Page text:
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Afghan President Karzai tells NATO to pull back
Taliban breaks off talks with U.S.
KABUL, Afghanistan (AP) — The U.S. campaign in Afghanistan suffered a double blow Thursday when the Taliban broke off peace talks and President Hamid Karzai demanded NATO troops immediately pull out of rural areas because of anger over the killing of 16 civilians allegedly by a U.S. soldier.
The setbacks effectively paralyze the two main tracks for ending the 10-year-old Afghan war. Part of that exit strategy is to gradually transfer authority to Afghan forces while another tack is to pull the Taliban into some sort of political discussions with the Afghan government.
Mr. Karzai also said he now wants Afghan forces take the lead for countrywide security in 2013, a year ahead of schedule. He spoke as Afghan lawmakers were expressing outrage that the U.S. flew the soldier suspected in civilian killings to Kuwait on Wednesday night when they were demanding he be tried in the country.
“Afghan security forces have the ability to keep the security in rural areas and in villages on their own,” Mr. Karzai said in a statement after meeting visiting U.S. Defense Secretary Leon E. Panetta. He said he had conveyed his demand to Mr. Panetta during their meeting.
The soldier, who has not been named, is accused of going on a shooting rampage in villages near his base in southern Afghanistan on Sunday, killing nine children and seven other civilians, and then burning some of their bodies.
Mr. Karzai told Mr. Panetta that the weekend shootings in southern Afghanistan were cruel and that everything must be done to prevent any such incidents in the future. He said that was the reason he was demanding the pullout from rural areas now and early transfer of security.
In January, after French President Nicolas Sarkozy suggested that foreign forces speed up their timetable for handing combat operations to Afghan forces in 2013, Mr. Karzai said he would be in favor of that — if it were achievable.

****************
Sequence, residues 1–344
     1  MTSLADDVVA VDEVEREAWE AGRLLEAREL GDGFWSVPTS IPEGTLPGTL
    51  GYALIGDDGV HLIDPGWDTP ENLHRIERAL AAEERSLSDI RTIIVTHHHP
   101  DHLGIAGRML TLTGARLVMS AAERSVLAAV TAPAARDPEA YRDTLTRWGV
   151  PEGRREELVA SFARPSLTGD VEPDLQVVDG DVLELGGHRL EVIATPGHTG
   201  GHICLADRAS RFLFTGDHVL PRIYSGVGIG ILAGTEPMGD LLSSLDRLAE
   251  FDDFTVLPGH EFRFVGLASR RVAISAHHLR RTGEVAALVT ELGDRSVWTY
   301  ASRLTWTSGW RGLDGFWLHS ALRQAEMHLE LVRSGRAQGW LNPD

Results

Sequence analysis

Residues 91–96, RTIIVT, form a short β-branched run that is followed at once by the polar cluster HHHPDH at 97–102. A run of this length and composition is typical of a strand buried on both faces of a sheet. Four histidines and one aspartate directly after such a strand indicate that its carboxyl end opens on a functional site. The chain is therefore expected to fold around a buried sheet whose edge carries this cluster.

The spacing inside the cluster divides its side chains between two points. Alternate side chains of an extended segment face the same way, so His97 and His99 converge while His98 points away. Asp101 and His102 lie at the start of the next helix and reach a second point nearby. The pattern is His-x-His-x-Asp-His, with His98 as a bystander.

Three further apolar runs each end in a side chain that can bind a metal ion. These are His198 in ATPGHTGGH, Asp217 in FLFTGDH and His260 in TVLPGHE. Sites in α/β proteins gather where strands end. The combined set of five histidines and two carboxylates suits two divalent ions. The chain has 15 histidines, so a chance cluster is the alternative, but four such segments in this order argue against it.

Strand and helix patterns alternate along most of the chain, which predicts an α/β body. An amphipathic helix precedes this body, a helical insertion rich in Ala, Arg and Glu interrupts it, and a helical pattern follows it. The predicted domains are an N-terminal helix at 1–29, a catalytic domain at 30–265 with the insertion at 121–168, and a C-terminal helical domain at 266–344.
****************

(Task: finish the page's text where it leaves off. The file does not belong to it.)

The call for an immediate exit from rural areas is a new demand however, and it is unclear how it will affect the transition strategy and ongoing talks with the U.S. about how to manage a long-term U.S. military presence in the country.
Mr. Karzai is known for making dramatic demands and then backing off under U.S. pressure. Even if he eventually changes his tone, the call for a pullback likely will become another issue of contention between the Afghans and their international allies at a time of growing war weariness in the United States and other countries of the international coalition.
The Taliban said they were calling off talks with the United States because the U.S. kept changing the terms of negotiations.
Taliban spokesman Zabiullah Mujahid said the insurgent group wanted to limit talks to prisoner exchanges and the establishment of a political office in Qatar, but U.S. negotiators wanted to broaden the discussion.
The Taliban said U.S. officials recently had made new demands in the talks but did not specify what they were.
Mr. Panetta applauded Mr. Karzai last month for telling an interviewer that the U.S., the Afghan government and the Taliban recently held three-way talks aimed at moving toward a political settlement of the war.
The Taliban denied the claim at the time.
Afghan officials told the Associated Press that the U.S. had agreed in January to include representatives of the Karzai government in future meetings, but U.S. officials would not confirm that. U.S. officials did say that if this initial trust-building phase of contacts with the Taliban blossoms into full peace negotiations, the U.S. would sit alongside the Taliban and the Afghan government.
Associated Press writers Deb Riechmann, Heidi Vogt and Lolita C. Baldor in Kabul; Mirwais Khan in Kandahar, Afghanistan; Kathy Gannon in Islamabad; and Adam Schreck in Kuwait City, Kuwait, contributed to this report.
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